India's per-capita to double by 2010, says Vajpayee
Prime Minister Atal Bihari Vajpayee has asserted that India would double its per-capita income in the next ten years, a growth rate of around 9 per cent.
"Although it is a difficult challenge, India can achieve it,'' Vajpayee said while addressing the US-India Business Summit in Washington.
Vajpayee said: "In the last five decades, we have built a strong and resilient India. But we have also drawn lessons for the future. We have thought about the respective roles of the state and the private sector for economic development.''
He said that the first point of change has been to free the government from providing private goods and services and to use its resources to provide public goods. While significant progress has been made, considerable work remains to be done in this direction, he said.
The second initiative, he said, was progressive liberalisation, enabling expansion of business opportunities -- both domestic and foreign.
Enumerating some of the important initiatives undertaken by his government, Vajpayee said that the 13,000-km project of improved and expanded national highways will be completed by 2007. The first component of 7,000 km, involving the four major metros, would be completed by 2003.
Also on the agenda is a massive rural road connectivity programme to connect all the villages -- with population of more than 500 -- with all-weather roads by 2007. An accelerated programme is being worked out to connect villages with population of more than 1000 by 2003, he asserted.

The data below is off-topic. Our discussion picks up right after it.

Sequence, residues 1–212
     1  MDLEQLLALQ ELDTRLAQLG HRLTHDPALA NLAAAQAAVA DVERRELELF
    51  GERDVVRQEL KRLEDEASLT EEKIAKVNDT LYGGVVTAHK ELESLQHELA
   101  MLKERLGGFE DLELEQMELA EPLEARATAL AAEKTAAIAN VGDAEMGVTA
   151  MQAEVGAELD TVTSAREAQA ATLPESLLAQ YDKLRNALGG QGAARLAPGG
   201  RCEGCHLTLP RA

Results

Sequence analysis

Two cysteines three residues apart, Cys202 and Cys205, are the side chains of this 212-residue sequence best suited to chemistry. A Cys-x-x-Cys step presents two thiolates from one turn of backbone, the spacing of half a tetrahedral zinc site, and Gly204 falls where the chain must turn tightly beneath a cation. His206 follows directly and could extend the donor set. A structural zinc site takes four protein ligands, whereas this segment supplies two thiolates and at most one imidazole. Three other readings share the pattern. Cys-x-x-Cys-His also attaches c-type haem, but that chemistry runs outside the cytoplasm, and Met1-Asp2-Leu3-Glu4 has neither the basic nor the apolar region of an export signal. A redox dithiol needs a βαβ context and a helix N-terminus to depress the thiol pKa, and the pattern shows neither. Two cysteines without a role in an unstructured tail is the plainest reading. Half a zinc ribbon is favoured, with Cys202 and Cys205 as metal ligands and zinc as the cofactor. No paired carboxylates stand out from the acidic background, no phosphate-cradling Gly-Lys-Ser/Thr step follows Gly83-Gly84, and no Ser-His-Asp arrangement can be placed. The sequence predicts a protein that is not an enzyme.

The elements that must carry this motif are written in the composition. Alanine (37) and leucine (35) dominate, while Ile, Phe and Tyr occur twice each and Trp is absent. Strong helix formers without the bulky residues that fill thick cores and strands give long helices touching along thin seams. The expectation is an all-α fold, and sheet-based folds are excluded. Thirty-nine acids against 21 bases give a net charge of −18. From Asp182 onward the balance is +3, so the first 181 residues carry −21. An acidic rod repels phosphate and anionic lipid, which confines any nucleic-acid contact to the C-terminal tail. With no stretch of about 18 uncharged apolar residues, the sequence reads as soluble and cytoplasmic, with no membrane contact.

Besides, the deregulation in the area of telecommunications is more or less complete, he said. "We have fully liberalised national long distance, basic telephony and under-sea optical cable. We are considering how best to fully deregulate cellular telephony.''
The prime minister also said that the monopoly of VSNL (Videsh Sanchar Nigam Limited) will end by early 2002 and the new Telecom Convergence Bill is in the offing.
He said that his government is placing emphasis on human resource development to support the IT policy. On this count, he lauded the joint efforts of a group of Indian-Americans and University of California, Berkeley, to set up a global institute of science and technology in India.